Dear Bird Folks,I think there’s a Yellow-breasted Chat coming to the bird feeder in my yard. You are welcome to come by and check it out if you’d like. – Dave, Eastham, MA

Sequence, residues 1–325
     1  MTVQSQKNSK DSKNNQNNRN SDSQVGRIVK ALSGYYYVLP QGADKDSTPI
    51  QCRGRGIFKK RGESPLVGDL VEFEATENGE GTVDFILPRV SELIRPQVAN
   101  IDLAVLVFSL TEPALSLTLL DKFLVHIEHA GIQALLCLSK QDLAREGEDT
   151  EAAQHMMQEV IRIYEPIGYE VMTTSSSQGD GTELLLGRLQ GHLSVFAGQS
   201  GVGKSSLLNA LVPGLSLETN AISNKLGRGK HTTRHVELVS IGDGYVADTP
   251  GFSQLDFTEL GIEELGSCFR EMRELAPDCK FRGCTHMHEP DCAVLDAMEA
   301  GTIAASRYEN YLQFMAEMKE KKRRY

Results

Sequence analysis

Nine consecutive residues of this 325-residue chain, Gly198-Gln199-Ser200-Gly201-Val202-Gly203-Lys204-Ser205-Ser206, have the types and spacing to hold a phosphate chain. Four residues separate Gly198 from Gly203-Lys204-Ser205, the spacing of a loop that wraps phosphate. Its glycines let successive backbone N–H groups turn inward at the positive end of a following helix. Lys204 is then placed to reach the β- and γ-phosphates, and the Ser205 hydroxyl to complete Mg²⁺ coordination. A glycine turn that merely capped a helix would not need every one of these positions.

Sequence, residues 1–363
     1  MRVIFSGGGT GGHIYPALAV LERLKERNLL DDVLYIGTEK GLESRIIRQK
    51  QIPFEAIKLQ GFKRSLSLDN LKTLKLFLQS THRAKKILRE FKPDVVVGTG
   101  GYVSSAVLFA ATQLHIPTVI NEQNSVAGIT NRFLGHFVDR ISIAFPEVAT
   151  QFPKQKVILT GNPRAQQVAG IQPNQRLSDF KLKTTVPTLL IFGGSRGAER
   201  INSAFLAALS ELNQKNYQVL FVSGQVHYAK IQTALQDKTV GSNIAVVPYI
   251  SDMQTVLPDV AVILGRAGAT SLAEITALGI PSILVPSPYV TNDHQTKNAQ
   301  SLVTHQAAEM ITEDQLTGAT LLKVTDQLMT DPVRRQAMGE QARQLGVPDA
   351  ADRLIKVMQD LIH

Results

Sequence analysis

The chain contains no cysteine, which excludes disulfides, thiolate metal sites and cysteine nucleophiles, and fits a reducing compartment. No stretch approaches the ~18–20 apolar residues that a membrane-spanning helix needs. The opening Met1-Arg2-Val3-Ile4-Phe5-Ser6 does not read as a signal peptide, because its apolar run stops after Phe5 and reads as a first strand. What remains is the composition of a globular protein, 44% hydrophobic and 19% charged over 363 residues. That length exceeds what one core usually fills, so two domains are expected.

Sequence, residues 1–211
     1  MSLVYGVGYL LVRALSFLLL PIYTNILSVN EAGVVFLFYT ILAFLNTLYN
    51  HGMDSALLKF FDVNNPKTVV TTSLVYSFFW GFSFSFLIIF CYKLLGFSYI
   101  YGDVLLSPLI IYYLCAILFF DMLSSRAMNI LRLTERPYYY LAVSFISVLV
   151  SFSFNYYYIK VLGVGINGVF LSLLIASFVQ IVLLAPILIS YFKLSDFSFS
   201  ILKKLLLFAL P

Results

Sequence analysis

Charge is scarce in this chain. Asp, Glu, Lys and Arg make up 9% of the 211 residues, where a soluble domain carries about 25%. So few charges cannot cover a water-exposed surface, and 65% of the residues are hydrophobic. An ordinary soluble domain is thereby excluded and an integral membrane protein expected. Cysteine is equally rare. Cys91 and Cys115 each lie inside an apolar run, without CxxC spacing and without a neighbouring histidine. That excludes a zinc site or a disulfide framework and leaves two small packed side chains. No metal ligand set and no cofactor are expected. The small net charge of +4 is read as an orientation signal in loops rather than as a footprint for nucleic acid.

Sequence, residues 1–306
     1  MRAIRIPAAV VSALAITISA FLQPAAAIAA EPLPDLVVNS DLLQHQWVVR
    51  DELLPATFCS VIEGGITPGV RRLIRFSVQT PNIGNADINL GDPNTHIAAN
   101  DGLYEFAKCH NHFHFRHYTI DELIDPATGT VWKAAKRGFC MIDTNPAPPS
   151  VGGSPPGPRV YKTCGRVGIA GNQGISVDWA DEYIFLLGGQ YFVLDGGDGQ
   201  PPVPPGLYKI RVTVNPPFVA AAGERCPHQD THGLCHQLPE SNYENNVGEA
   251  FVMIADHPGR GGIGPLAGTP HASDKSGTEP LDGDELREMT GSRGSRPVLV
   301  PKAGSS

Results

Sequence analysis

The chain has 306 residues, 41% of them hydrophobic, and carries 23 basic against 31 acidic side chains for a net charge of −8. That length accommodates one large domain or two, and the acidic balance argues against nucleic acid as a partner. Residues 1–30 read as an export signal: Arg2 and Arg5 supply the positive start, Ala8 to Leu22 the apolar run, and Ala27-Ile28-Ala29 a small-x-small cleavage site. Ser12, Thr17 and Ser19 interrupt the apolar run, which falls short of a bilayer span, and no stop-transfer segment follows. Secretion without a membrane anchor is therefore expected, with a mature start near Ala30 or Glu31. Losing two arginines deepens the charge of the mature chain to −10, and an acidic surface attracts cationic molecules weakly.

I’ll be right there, Dave,Last fall I was tipped off to the presence of a rare Wood Stork that was also seen in Eastham, not far from your house. But being both cynical and lazy, I opted not to pursue the tip. I was later shown a photo of the bird in question and was forced to eat (figuratively) a heaping portion of crow. Since then I’ve been chasing down every lead, no matter how dubious I think it is. In other words, you’d better get dressed, Dave, I’m on my way. First, I would like to take a quick survey: Raise your hand if you’ve ever seen a Yellow-breasted Chat. (No, not you, Dave. You can keep your hand down. This is for everyone else.) I’d bet very few casual bird watchers and even some serious birders have ever seen one of these birds. Yet, chats can be found in nearly all U.S. states. However, they aren’t normally seen in backyards and they most certainly aren’t “feeder birds.” You should also know that even the experts have lots of unanswered questions about this rather peculiar bird. Ornithologists can’t seem to agree on which family chats belong to and have been fighting about it for years…and I think we all know how nasty ornithologist fights can be. Yawn. For a while, the authorities begrudgingly classified this bird as a warbler. The problem is, chats don’t look like, sound like or act like warblers. They are fairly large songbirds, weighing two to three times more than a typical warbler. In addition, chats have thick, chunky beaks, as opposed to the thin, pointy beaks that warblers have. Male warblers are noted for their lovely spring songs, but there is nothing lovely about listening to a chat. The males perform an assorted series of notes, some of which are rather harsh, like a mockingbird that forgot to take voice lessons. Finally, high up in tree branches is where you’ll find most warblers, but chats prefer the shrub life, the low shrub life. Other than that, chats are just like warblers. For a few weeks each spring the male chat will expose himself. Let me rephrase that. During the nesting season, the male will often sing from an exposed branch, and then will remain hidden for the rest of the year. Chats live in a world of deep thickets and briars, and rarely come up for air. And even if the bird is spotted, the best view a birder can hope for is an inquisitive eye peering back through dense vegetation, looking like a little avian spy. As their name implies, Yellow-breasted Chats do indeed have vivid yellow breasts, plus bright white rings (spectacles) around the eyes. You might think such prominent field marks would make this bird easy to find. Think again. Over the years I’ve had a handful of chat encounters and each time it was like seeing a shooting star on a cloudy night. It was gone before I could even focus. This brings us to you, Dave, and the chat you claimed was coming to your feeder. Could it be one of the few rare chats that will actually venture into the light, or is it some other bird entirely, such as a goldfinch, or maybe a Wood Stork? Either way, I had to find out. I arrived at Dave’s yard around 8:30AM. This was one of the best birding yards I had ever visited. There was no ridiculous trophy lawn or over-the-top landscaping, just lots and lots of great habitat. If I were a bird, I would totally live here. Before I could even knock on the door, Dave came out to greet me and invited me inside for a cup of coffee. I appreciated the offer, but I opted to remain outside on chat duty. The sun was out and there were lots of birds zipping in and out of the vegetation. Ordinarily, I would have been happy to see such an array of birds, but on this day I was only interested in finding one bird, and I wasn’t finding it. After about an hour, I began to get cold and wished I had taken Dave up on his coffee offer. Then, through the thickets, I saw a pair of white spectacles staring back at me. Bingo! I immediately started snapping away with my camera, figuring a bad photo is better than no photo. Happily, more was coming. Like most things in life, a day of birding can occasionally be disappointing, while other times it’s way better than expected. This was one of those way better times. The notoriously shy chat slowly climbed out of the underworld and calmly sat on the top of a sunny branch. Are you kidding, I thought? By the time the bird moved on, I had taken 140 (really) photos, some of which actually came out okay, which in itself is a miracle. And even though I never did see the bird eat from Dave’s bird feeder, I believe him. I’ve decided to stop doubting people…plus, Dave had proof. Thanks so much for inviting me to check out your chat, Dave. It was by far the best view I’ve ever had of one of these bashful birds. With such an assortment of native plants and dense vegetation, it makes sense that so many birds are attracted to your yard. Please keep your eyes open and let me know if you see any other cool birds…especially if one of them happens to be a Wood Stork. I’m still looking for that bird.
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